In my previous ode to the avocado, I noted it as a good source of magnesium. This may seem an obscure reference — that's not usually the thing one associates with avocados. Let me explain.

A. Me, during horridly horrible migraines at regular monthly intervals. Thank you, Mother Nature.

A migraine sufferer, one might assume that I have devoted much time researching this condition, and one would be absolutely correct. I did not want to take a prescription medication to deal with the migraines, offered a little too quickly by doctors. Over-the-counter pain killers didn't work well (I have tried them all at one point or another), and avoiding triggers like red wine helped but did not prevent my migraines. For a very long time, all of my adult life actually, I resigned myself to lying still in a dark and quiet room, usually until the next morning. This was fine, until I had children and couldn't temporarily drop all motherly duties. "There has got to be a better way," I kept telling myself, as I tried each new natural remedy and browsed the scientific literature. There is.

I have been migraine-free (and virtually headache-free) for nearly a year now, thanks to magnesium (Mg) and vitamin B-2 (riboflavin). This has worked for me and it might help others, too — but let me stress again that I am not a doctor, not all of this information is accepted medical practice, and may not work for every individual.

There are a few clinical researchers looking at the role of magnesium in the pathogenesis of migraines. Briefly, it is thought that some individuals naturally have lowered levels of ionized magnesium (the active form that is able to bind easily to proteins and other substances), a situation which may cause them to suffer migraines and which may also be remedied through dietary intake. Although the National Migraine Association cites the medical community's mixed support for magnesium, it nonetheless says taking the 100% RDA of Mg is probably a "safe and prudent" preventive. If you would like to geek out with the research — hey, I did and there is nothing wrong with that — knock yourself out here, here, here, here, here, and here (all link to the abstracts of published papers on PubMed).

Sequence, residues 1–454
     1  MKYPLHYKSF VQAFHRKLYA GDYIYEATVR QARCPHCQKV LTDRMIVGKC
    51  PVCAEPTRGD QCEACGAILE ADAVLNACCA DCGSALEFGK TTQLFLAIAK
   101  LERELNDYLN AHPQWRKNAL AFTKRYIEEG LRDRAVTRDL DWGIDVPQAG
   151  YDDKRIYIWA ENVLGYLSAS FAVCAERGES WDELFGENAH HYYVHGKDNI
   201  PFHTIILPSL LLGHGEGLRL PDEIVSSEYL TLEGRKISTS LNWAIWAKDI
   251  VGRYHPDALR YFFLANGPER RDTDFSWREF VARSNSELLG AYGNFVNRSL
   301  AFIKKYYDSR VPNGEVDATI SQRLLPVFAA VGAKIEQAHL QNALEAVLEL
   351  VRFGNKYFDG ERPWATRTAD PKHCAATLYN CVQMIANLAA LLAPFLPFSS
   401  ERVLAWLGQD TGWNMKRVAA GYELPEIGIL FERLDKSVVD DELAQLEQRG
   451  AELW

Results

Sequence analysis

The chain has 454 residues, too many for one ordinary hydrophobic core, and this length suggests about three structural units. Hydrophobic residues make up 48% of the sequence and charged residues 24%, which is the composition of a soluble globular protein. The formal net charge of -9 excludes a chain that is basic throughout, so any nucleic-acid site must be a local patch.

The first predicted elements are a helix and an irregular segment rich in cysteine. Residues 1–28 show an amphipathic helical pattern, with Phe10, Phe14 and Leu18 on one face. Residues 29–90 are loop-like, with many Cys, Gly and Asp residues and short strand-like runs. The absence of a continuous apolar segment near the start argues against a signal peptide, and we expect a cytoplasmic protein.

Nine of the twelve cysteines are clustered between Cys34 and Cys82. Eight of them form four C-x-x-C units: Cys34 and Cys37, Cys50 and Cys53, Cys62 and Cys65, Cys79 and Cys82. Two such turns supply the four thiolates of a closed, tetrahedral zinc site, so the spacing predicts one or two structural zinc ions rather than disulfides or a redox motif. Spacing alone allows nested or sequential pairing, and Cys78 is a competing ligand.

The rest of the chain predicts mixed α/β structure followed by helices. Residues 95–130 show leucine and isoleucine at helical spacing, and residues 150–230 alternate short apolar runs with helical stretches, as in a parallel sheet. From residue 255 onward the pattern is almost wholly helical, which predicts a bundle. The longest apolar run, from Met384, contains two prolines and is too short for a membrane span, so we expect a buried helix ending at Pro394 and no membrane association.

Then I stumbled upon Mauskop and Fox's book in my search for The Miracle of Magnesium, and after a lengthy perusal of its contents at the local bookstore while deciding whether to buy it, I was convinced it couldn't hurt to try the remedy of Mg + riboflavin + feverfew favored by the authors. I figured I'd try this because in the off chance it worked for me, it would be worth avoiding a prescription drug and any associated side effects. And as long as I stayed within the recommended daily allowances (RDA), I couldn't see a downside. This would be the best decision related to treating my headaches I have ever made.

B. This is me now. Really.

According to the U.S. National Institutes of Health office of dietary supplements, Mg is essential for more than 300 biochemical reactions in the body, helping to maintain normal muscle and nerve function, blood pressure, heart rhythym, a healthy immune system, strong bones and more. A lack of energy may also be associated with low levels of Mg.

A few other bits of info you should know before trying this for yourself: The U.S. recommended daily allowances for Mg and riboflavin vary depending on your age and gender (for women aged 31-50 it is 320 mg and 1.1 mg, respectively). As with any vitamin and mineral, it is possible to have too much of a good thing. Hence the RDAs.

My own headache/migraine prevention regimen includes:
  • Calcium-magnesium supplement containing 300-400 mg of Mg every other day
  • Daily multivitamin that contains the max for riboflavin and low to no Mg
  • Drink lots of water, eat a balanced diet, exercise, and avoid any known triggers
  • Magnesium-rich foods (pumpkin seeds, spinach, soybeans, Alaskan salmon and halibut, black beans, avocados) during times when I know I'm prone to getting headaches.
While my migraines have ceased, I continue to get headaches although not as regularly and not as severe. I feel it worth repeating my previous admonition to talk to your doctor before trying this or any other new regimen for yourself.

11 June, 2009

Grab bag: Lip gloss

This one is for all my girlfriends and special peeps...

Summer is almost officially here, and that means lipgloss!

My google search for "lip gloss" returned the following music video from up and coming young aritst, Lil Mama (embedding is disabled, so click through and you won't be disappointed).

Whatcha know 'bout me? My lip gloss is poppin'.

Amen! A round-up of my particular favorites is in the side bar - conditioning, free of ickiest chemicals, great color, not too tacky, long lasting or just all around chunky. And for the love of lips, please use SPFeither in the gloss or as a base to protect your pout from the sun's harmful UVA and UVB rays.

10 June, 2009

Sharing the love